1/2009

Excellence through internationalization

Professor of Signal Processing Jaakko Astola heads Finland's leading group in signal processing and digital systems. The keys to success at the National Centre of Excellence in Research are combining new visions with strong theoretical foundations and understanding the needs of practical implementations.

Professor Jaakko Astola

"On a personal level, the development of new
methods and seeing a new theory or its
application work is fulfilling," says Professor
Jaakko Astola.

In the last 15 years signal processing has experienced rapid development on all levels - in the theory of audio, video and multimedia as well as on the conceptual and application levels.

What was earlier viewed as digital signal processing, now forms only a small part of the new concept of signal processing that might be more adequately described as the methods of analyzing, manipulating and presenting natural information.

Technologies emerging from this research are vastly increasing the capabilities of people to interact with the surrounding world in a multimodal way.

"We have been building the theoretical foundation for this for a long time. We are gaining a better and better understanding of sound, for example," explains Professor of Signal Processing Jaakko Astola, who heads the Signal Processing Algorithm Group SPAG at Tampere University of Technology.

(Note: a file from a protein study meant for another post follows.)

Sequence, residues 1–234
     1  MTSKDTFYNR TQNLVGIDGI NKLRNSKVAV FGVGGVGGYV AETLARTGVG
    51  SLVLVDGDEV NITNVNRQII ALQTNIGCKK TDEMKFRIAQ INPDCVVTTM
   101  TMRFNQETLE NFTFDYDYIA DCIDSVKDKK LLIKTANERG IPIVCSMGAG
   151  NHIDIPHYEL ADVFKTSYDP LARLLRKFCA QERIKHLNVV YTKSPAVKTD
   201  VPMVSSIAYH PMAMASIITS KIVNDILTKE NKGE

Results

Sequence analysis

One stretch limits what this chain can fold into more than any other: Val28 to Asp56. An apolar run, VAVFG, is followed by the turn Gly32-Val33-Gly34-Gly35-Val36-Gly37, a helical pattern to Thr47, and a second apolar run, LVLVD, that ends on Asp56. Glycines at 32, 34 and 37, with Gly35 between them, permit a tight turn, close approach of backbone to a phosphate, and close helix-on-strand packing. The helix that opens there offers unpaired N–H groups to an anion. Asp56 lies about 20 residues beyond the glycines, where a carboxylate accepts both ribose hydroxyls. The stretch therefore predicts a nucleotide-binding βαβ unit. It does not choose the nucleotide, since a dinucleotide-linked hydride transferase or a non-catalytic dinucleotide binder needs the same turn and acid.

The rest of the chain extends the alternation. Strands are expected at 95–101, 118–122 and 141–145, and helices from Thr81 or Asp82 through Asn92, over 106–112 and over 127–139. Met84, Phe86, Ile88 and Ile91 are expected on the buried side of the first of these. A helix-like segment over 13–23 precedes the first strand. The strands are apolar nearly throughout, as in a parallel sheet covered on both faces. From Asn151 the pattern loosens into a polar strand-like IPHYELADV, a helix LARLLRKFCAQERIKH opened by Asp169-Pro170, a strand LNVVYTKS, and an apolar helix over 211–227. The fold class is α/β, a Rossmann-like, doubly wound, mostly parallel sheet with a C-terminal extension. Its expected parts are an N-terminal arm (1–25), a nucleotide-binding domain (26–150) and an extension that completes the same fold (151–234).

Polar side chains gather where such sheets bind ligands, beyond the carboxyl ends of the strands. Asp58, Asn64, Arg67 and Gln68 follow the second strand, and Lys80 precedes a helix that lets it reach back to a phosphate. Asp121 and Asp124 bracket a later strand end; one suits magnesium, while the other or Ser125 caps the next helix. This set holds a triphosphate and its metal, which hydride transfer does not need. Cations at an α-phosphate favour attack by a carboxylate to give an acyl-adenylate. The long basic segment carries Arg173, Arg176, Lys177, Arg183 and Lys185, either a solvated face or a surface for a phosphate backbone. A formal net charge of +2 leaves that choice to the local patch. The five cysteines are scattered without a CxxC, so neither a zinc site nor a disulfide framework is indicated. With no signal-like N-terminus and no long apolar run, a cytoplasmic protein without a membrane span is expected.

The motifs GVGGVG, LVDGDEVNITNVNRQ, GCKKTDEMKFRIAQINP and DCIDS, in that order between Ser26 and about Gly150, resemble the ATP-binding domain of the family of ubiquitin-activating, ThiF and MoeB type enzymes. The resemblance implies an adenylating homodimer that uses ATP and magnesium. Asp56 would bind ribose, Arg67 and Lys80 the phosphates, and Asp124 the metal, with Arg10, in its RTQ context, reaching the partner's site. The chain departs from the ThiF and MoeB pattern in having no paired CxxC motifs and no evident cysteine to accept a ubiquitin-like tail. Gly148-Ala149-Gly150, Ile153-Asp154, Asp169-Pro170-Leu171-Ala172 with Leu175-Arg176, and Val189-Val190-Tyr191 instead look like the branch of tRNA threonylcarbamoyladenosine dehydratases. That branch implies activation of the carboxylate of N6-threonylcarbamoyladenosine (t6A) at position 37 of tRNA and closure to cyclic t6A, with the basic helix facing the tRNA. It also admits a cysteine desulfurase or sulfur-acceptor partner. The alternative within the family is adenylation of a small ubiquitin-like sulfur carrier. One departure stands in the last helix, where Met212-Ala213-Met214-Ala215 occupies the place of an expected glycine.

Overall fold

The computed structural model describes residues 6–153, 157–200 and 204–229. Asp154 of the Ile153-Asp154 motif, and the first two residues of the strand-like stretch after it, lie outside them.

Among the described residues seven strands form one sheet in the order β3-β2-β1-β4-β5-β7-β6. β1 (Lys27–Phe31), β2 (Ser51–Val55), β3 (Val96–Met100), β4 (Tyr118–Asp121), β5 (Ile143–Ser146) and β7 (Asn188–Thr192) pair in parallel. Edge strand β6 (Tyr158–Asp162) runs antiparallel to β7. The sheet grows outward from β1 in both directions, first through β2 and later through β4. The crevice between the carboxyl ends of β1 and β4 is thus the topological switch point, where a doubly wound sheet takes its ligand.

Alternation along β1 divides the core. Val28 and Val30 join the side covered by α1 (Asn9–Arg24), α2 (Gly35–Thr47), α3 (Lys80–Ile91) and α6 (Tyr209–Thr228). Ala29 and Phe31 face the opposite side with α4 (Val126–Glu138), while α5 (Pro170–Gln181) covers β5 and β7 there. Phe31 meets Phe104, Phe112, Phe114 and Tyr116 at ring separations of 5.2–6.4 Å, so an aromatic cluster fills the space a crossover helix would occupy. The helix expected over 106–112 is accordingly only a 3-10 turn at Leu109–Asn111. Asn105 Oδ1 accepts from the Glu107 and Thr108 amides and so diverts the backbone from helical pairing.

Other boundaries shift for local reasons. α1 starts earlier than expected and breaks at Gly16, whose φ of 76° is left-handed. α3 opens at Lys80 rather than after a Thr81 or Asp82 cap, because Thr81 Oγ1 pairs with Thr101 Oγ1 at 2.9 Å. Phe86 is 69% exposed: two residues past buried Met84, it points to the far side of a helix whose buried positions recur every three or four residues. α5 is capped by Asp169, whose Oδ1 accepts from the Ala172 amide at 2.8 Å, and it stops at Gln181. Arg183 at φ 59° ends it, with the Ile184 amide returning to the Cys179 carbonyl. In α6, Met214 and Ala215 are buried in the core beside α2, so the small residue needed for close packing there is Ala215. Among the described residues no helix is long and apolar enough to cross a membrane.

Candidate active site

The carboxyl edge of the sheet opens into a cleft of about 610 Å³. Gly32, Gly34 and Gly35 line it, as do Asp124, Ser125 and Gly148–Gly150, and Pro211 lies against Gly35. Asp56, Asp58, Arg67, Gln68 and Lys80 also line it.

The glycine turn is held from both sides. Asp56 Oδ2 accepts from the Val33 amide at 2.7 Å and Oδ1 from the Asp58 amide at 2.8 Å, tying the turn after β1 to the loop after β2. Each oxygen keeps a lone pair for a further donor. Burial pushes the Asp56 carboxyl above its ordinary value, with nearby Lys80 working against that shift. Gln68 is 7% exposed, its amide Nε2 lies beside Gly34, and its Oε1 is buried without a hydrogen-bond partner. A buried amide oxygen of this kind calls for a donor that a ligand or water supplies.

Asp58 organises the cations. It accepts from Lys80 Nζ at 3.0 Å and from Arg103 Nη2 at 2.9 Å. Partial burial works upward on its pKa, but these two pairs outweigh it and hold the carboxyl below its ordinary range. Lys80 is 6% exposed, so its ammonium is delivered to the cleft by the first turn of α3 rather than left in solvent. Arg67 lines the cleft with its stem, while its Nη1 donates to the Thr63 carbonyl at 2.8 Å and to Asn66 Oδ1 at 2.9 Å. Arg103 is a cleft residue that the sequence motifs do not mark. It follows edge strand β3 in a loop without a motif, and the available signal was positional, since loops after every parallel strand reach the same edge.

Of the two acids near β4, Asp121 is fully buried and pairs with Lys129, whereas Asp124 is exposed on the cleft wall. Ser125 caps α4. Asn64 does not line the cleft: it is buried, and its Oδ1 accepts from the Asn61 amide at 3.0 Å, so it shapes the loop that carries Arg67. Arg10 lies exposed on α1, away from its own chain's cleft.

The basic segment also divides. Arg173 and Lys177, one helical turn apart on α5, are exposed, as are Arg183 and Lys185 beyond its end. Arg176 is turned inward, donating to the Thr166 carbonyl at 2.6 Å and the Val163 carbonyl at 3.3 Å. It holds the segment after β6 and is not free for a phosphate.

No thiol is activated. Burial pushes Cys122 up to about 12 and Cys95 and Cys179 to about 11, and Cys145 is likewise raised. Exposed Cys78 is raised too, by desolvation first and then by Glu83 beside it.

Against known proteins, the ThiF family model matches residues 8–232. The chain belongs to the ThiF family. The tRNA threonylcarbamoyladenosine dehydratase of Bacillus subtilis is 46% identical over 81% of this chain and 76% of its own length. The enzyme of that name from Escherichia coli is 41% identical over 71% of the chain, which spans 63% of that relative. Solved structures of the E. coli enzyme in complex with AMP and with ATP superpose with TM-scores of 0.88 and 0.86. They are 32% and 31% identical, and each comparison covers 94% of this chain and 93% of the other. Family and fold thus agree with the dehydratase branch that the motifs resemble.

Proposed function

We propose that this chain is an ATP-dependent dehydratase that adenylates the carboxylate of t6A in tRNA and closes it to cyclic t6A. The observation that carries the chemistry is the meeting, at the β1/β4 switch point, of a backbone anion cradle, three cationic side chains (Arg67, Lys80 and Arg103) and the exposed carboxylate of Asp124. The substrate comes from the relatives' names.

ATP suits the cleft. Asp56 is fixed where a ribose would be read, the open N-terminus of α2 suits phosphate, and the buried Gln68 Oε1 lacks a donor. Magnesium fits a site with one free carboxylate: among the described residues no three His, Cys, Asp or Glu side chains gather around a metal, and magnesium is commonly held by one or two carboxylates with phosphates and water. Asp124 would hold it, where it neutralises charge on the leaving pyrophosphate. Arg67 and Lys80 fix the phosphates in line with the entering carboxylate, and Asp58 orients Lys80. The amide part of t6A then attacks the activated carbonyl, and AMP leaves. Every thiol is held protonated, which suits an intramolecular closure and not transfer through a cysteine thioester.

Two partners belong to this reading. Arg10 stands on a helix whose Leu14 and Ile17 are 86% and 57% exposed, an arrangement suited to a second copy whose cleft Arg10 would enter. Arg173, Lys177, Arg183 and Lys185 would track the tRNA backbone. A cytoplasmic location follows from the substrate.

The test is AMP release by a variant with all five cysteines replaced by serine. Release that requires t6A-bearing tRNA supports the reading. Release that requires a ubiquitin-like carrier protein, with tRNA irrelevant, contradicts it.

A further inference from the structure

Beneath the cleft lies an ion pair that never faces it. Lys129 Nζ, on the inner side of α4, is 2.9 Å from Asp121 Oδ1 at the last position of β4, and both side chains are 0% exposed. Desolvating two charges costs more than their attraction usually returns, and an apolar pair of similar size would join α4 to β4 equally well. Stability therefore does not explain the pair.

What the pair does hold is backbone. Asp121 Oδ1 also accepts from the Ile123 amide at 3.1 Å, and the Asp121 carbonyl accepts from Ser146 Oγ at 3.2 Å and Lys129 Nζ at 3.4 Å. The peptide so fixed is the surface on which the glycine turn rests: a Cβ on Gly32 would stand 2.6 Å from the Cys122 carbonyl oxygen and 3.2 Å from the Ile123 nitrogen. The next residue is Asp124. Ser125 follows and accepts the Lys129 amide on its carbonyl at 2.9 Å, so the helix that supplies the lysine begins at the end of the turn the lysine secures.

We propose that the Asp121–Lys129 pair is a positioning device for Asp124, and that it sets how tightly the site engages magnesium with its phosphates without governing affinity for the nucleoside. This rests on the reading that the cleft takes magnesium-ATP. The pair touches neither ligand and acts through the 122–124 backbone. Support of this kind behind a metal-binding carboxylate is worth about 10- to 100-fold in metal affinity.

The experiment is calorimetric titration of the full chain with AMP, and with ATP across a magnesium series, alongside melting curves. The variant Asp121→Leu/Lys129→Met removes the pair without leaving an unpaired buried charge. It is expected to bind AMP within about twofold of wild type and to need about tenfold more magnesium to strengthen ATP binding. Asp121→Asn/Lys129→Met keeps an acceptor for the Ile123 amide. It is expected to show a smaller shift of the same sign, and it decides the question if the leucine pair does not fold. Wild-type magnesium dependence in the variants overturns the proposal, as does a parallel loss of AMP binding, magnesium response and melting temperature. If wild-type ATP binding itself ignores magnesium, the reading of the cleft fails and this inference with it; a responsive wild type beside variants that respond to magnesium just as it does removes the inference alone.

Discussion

He points out that despite many notable advances, a lot of work still lies ahead in developing techniques that enable interaction in a way most natural for a human. For example, even though multimedia already seems to be an outdated term, it is only now that we start seeing video in a genuinely wide range of applications, including mobile.

Another important research area in signal processing is biological systems. Applications include the study of complex biological phenomena, the analysis of genomic data and the processing and analysis of biological and medical images.

Combining visions with theory and practise

Astola began his career close to four decades ago by studying error coding. He notes that the principle essence of data error correcting code has changed very little.